The Queen has suffered another loss after the death of her former manager of the Royal Studs, Sir Michael Oswald, who has died at the age of 86.
Sir Michael advised Her Majesty, 94, as well as the Queen Mother, and presided over their racing interests for almost 30 years. Sir Michael Oswald died after a long illness on April 17, the same day as the Duke of Edinburgh’s funeral in Windsor, according to The Times.
Over the years, Sir Michael was often pictured by the Queen’s side at various races and when the Duchess of Cambridge made her long-awaited debut at Royal Ascot in 2016, she was also photographed enjoying a chat with the expert.
Speaking to the Racing Post, Sir Michael’s widow, Lady Angela – for many years a lady-in-waiting to the Queen Mother – paid tribute to her husband.
She said: ‘He always said he had the most wonderful job anybody could ever have had and that for all his working life he was simply doing what he would have done had he been a rich man who didn’t have to work.’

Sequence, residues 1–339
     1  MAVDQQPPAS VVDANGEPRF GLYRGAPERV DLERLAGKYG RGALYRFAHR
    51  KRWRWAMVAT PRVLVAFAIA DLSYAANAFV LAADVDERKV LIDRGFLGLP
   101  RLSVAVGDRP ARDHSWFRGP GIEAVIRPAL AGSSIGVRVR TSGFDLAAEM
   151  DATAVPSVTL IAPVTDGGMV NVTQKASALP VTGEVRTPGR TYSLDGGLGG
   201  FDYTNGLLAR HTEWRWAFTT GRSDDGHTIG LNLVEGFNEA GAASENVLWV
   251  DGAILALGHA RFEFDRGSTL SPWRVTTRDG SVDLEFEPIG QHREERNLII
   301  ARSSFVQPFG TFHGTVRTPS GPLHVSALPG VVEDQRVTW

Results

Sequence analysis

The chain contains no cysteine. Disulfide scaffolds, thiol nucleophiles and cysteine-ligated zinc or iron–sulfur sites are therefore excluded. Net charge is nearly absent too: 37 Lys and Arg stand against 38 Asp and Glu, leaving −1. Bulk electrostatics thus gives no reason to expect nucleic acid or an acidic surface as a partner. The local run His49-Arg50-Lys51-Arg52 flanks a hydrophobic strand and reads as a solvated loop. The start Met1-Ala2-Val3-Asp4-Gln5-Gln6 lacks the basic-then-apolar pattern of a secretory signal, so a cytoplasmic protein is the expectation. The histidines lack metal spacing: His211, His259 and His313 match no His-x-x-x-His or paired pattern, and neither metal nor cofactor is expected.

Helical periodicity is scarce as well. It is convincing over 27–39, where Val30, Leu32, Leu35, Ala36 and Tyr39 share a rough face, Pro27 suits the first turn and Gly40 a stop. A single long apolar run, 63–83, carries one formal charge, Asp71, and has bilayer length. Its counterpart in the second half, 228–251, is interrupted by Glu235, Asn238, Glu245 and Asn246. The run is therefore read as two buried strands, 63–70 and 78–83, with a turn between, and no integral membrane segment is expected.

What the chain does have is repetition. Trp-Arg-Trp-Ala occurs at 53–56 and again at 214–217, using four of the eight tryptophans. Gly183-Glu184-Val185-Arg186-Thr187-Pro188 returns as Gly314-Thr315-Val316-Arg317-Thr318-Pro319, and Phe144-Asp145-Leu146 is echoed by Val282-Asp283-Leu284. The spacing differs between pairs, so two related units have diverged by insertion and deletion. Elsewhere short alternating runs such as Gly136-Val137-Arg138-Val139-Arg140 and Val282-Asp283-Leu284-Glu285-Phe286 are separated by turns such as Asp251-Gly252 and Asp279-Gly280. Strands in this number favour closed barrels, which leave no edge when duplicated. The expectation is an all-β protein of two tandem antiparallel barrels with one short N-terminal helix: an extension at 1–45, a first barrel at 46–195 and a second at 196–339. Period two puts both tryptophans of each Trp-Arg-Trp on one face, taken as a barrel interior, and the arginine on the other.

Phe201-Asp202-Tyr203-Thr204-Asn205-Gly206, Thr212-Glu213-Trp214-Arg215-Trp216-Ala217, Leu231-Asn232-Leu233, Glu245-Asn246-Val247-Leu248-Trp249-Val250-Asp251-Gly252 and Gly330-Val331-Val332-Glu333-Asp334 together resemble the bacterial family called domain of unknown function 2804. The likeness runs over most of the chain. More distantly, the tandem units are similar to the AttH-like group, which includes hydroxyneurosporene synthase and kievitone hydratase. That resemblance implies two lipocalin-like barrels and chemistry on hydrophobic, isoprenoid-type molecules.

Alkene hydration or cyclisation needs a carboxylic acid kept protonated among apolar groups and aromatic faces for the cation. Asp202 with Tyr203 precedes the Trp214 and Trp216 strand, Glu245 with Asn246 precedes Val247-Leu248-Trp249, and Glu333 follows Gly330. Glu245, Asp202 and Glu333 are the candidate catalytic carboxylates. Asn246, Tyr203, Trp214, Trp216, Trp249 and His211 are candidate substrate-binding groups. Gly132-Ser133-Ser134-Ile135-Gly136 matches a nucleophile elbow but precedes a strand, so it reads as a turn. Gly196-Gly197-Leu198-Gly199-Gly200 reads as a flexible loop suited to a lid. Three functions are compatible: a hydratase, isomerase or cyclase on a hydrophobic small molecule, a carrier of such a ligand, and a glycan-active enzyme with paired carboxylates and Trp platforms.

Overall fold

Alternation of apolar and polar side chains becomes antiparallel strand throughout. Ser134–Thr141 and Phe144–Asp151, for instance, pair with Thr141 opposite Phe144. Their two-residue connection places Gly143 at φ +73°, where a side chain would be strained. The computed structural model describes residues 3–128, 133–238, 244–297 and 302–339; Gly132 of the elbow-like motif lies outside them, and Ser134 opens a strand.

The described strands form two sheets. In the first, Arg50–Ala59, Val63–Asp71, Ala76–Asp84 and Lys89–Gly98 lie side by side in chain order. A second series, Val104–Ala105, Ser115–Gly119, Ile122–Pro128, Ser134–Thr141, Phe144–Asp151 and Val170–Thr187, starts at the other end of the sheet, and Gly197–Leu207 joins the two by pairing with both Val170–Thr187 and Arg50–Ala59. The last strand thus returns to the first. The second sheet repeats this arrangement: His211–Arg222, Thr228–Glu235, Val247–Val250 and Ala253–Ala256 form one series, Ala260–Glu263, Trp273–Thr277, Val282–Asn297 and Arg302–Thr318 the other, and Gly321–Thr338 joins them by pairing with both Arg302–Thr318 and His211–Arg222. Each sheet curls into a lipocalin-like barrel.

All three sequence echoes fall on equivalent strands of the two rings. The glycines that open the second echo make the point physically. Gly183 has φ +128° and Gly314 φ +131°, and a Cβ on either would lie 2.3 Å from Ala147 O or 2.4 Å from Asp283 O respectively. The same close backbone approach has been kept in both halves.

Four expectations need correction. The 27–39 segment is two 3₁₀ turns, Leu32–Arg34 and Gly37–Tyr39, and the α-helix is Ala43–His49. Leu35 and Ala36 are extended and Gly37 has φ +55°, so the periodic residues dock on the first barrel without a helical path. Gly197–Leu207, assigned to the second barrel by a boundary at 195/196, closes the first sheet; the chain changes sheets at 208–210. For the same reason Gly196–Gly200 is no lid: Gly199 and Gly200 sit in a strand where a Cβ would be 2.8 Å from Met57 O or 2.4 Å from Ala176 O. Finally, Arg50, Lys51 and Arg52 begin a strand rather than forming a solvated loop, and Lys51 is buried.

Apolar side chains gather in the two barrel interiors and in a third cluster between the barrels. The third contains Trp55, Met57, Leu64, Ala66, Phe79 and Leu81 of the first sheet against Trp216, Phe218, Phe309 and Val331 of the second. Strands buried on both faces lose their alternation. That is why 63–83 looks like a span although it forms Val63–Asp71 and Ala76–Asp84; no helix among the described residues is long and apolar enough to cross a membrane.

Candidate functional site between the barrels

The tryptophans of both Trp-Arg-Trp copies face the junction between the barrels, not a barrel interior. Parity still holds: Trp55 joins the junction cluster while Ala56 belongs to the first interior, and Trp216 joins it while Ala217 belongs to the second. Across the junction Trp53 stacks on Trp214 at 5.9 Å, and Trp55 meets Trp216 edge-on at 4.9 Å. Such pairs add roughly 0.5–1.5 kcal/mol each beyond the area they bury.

Before taking up the post as the Queen’s racing advisor in 2003, Sir Michael worked for the Queen Mother from 1970 until her death in 2002.
In the 2020 New Year Honours list, he was appointed Knight Grand Cross of the Royal Victorian Order (GCVO).
Showing the Queen’s great sense of humour and their close friendship, Sir Michael would often tell the story of a horse his employer had in training called Harvest Song.
He made his usual call to her page, Barry Mitford, at Buckingham Palace at 10am one day to say it was running in the 2.30 at Fontwell and that it was on television, in case they wanted to watch it or record it for her.
‘Barry got rather excited at this, asking will it win and should he have a flutter,’ he says. ‘I told him under no circumstances should he waste any money on it: that I had more chance of winning the 100m at the Olympics.’
Harvest Song started as a 50-1 rank outsider and won the race by five and a half lengths.
When Sir Michael later rang the Queen to ask if she’d watched the race, she replied: ‘Oh yes, and may I say that Barry is standing next to me. If I was you, I would find some dark glasses and a good disguise next time to come anywhere near this place.
In 1969 Sir Michael, who was born in Walton-on-Thames, Surrey, in 1934, and went to Eton then King’s College, Cambridge, was recruited as manager of the Royal Studs, which for six years he ran from Hampton Court.